With less than a week to go before Google launches its mobile-friendly algorithm on 21st April, we thought it would be a good idea to run through a quick checklist that will help you measure your websites responsiveness to mobile devices.
Google has been pushing web owners to improve user-experience across all devices for a good half decade now and the latest upgrade to their – sometimes – beastly algorithms, is the last chance for business owners and blog keepers to accommodate mobile users.
The first check, and quickest check, you can make is to run your URL through Google’s ‘Mobile-Friendly’ checker. This will give you a response to the basic responsive requirements you need on your site to ensure your website is at least responsive.
Should you pass, you can breathe a slight sigh of relief. Your website will still rank at least. However, this mobile-friendly checkers cannot measure how good the user-experience is on your website. But will search engine crawlers?
We do not know yet how Google’s algorithm will work. It may just be as simple as their mobile-friendly test, but given the search engine giant is on a mission to improve the overall UE of the internet, a basic responsive check on websites is hardly likely.
It is certainly best practice not to take any chances!
We will assume you have consulted a web developer who understands how to layout your web pages so they are responsive and user-friendly so will not waste too much time with regards your web design.
What we should mention however, is that copy should be kept to a minimum on your homepage and each category, product, service, landing page and any other pages should have their own space. As an aside, the content should be tightly focused on the theme of any one specific page. This is for improved ranking purposes.
Images are vitally important for websites for a number of reasons; they provide visual aids, make the page more attractive and are key to attracting clicks. However, they account for around 60% of your total page content and can be heavy.
Ideally, you should have a content management system which is intuitive and automatically sizes images so they do not take too much data. Large, heavy images run slow on mobile connections, and slow is a no-go. If your website has not loaded up within 3-5 seconds, users attempting to access your site will probably give up and leave.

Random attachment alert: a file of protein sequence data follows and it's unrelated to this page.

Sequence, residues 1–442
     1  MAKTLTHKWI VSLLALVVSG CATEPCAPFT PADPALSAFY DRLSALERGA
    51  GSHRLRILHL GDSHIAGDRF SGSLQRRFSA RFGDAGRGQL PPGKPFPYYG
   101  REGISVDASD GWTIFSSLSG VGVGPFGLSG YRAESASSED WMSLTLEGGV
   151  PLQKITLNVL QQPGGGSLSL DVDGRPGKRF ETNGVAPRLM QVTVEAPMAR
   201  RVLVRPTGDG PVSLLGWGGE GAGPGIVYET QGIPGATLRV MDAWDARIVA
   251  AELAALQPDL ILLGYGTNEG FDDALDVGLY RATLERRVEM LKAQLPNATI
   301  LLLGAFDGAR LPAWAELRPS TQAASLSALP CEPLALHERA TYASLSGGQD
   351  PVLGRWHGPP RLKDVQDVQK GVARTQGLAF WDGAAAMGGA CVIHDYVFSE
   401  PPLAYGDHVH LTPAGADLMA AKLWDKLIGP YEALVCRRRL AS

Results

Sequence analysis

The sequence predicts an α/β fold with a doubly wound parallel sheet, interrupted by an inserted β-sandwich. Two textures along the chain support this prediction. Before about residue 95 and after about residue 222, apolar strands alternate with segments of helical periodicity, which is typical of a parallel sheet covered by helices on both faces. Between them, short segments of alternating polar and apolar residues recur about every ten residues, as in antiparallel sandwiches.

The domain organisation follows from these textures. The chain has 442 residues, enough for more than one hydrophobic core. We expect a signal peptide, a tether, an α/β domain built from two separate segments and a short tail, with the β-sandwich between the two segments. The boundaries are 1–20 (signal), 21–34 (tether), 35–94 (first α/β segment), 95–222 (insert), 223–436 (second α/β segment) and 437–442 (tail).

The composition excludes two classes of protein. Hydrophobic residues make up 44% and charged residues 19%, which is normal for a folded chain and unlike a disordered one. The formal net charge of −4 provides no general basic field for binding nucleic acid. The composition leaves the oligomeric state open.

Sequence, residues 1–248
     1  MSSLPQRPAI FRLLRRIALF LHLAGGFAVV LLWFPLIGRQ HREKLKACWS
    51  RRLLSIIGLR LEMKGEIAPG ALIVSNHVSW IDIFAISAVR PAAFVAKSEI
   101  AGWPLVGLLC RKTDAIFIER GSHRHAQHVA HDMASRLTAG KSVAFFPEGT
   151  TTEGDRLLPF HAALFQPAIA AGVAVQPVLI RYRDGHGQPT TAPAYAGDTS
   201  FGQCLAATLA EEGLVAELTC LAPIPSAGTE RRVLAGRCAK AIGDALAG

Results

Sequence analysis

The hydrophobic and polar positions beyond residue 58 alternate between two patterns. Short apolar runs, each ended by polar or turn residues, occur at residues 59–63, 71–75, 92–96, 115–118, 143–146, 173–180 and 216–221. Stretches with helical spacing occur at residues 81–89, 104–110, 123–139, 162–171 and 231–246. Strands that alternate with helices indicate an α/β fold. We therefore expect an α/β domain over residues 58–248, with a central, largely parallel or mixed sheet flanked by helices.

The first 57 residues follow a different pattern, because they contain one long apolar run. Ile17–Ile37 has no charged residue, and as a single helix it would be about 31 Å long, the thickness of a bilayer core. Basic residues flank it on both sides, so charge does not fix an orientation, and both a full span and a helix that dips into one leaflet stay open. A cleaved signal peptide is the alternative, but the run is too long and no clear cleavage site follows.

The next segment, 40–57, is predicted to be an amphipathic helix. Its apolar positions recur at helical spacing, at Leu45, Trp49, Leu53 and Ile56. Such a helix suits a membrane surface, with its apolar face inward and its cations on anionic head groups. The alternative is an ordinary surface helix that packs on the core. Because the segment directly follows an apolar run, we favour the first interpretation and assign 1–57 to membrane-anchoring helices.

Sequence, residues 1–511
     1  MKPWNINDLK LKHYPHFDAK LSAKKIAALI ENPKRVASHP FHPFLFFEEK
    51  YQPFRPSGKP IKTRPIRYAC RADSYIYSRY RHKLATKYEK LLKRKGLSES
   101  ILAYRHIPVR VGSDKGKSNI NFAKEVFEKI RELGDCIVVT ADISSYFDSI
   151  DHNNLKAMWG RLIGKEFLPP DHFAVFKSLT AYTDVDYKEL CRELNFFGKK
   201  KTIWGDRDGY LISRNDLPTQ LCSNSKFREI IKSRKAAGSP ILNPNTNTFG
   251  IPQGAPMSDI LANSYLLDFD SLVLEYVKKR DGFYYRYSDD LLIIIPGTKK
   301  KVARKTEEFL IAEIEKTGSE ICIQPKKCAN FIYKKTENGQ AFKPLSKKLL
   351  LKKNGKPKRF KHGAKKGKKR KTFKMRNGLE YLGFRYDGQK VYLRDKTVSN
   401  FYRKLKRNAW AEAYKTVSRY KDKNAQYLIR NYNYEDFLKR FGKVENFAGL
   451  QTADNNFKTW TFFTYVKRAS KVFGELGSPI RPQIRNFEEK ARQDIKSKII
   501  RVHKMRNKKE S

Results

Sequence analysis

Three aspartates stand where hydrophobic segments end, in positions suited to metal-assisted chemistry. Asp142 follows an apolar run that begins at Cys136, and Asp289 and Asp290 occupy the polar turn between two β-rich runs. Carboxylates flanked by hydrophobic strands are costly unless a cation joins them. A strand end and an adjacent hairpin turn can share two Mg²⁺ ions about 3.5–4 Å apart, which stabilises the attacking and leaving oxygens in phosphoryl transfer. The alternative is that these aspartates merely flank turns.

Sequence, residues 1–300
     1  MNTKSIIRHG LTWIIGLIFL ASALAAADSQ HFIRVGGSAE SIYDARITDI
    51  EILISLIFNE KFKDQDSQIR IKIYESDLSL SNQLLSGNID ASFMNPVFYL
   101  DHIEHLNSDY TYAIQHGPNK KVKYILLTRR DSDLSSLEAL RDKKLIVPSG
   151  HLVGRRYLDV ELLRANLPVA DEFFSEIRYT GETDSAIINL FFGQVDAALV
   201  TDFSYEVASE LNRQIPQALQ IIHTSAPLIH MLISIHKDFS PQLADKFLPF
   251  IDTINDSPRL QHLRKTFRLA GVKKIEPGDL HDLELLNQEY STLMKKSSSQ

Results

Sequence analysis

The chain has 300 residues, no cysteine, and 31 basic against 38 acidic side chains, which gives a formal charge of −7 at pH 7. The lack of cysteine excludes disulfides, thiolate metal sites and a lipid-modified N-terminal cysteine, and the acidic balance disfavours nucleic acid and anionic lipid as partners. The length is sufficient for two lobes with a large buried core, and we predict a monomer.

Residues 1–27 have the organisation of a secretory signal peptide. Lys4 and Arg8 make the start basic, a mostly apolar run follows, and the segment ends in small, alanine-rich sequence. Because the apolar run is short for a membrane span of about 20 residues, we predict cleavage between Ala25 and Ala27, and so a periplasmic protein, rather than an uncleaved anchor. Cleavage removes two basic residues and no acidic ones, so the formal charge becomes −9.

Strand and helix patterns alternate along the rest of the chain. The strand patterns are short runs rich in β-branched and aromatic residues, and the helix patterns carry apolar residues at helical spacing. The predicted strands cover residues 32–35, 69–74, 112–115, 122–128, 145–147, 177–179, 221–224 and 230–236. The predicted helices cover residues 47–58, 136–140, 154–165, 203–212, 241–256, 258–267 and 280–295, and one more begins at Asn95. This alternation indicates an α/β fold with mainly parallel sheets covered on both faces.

You may have choices to make. The hero image on the homepage of your website for example, may be 2000 pixels too big, and whilst it may look the dog’s glandulars, is more likely to lose your more visitors than inspire buyers.
Mobile users have not changed the game per se, but have changed the tactics web developers need to employ to play a good match. You need to look for ways to minimise your page resources and cut down upload speeds.
Ditch the GIFs
Whilst you need to ramp up on time-saving features, you also need to ditch anything that is weighing you down and animated GIF’s are heeeavy. They look great and it is a shame to see them go, but this bloatware is 30 years old – probably older than most of your visitors.
There is good news however – ditching the GIF’s does not mean you have to drop video clips and animated film altogether, just the software. Switching to HTML5 video will reduce the size of the file by around 10% and give you’re the same results feature, only with faster download speeds.
Also look out for HTTP/2 as well, the soon-to-be internet upgrade which – we hope – is being specifically designed to improve overall web performance on mobile devices. At the time of writing, an estimated launch date has not been announced, so to say later this year may be jumping the gun. Seems we have plenty of time to sleep on it!
However, whilst we wait the spanking new platform, making tweaks to your current website to create a reliable and responsive user-experience for mobile devices is essential.